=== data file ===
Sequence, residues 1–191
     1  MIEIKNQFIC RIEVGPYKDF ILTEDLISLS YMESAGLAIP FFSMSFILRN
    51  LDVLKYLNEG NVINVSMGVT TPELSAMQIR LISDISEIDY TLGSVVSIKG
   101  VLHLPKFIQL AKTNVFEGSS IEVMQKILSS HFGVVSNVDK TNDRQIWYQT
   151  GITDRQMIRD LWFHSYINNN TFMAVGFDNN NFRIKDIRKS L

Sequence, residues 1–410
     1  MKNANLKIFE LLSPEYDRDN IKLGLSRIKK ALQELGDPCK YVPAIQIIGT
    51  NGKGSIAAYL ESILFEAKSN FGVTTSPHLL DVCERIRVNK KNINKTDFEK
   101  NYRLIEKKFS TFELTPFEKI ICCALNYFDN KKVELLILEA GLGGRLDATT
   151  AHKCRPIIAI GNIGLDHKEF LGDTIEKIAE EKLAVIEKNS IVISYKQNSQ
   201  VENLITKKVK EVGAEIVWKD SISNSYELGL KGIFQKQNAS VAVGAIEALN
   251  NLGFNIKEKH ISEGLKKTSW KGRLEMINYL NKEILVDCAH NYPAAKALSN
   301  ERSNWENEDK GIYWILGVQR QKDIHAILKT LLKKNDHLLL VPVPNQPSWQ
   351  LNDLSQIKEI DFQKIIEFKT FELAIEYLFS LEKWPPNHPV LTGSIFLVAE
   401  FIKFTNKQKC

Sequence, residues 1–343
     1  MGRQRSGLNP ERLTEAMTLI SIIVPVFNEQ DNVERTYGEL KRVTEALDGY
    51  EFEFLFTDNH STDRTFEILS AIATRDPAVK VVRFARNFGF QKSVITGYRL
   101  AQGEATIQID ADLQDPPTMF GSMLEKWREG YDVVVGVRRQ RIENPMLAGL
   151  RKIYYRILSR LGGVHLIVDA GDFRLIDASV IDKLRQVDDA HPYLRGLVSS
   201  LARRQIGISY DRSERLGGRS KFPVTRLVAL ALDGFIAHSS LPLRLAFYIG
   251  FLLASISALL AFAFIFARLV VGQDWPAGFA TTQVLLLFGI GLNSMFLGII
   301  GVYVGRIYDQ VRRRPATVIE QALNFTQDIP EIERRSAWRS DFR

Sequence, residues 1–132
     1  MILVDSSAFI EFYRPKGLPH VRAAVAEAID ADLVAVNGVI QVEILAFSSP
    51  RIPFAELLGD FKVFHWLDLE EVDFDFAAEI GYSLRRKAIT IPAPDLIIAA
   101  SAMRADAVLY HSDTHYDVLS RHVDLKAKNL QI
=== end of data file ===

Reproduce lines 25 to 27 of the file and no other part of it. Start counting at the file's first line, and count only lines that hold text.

     1  MILVDSSAFI EFYRPKGLPH VRAAVAEAID ADLVAVNGVI QVEILAFSSP
    51  RIPFAELLGD FKVFHWLDLE EVDFDFAAEI GYSLRRKAIT IPAPDLIIAA
   101  SAMRADAVLY HSDTHYDVLS RHVDLKAKNL QI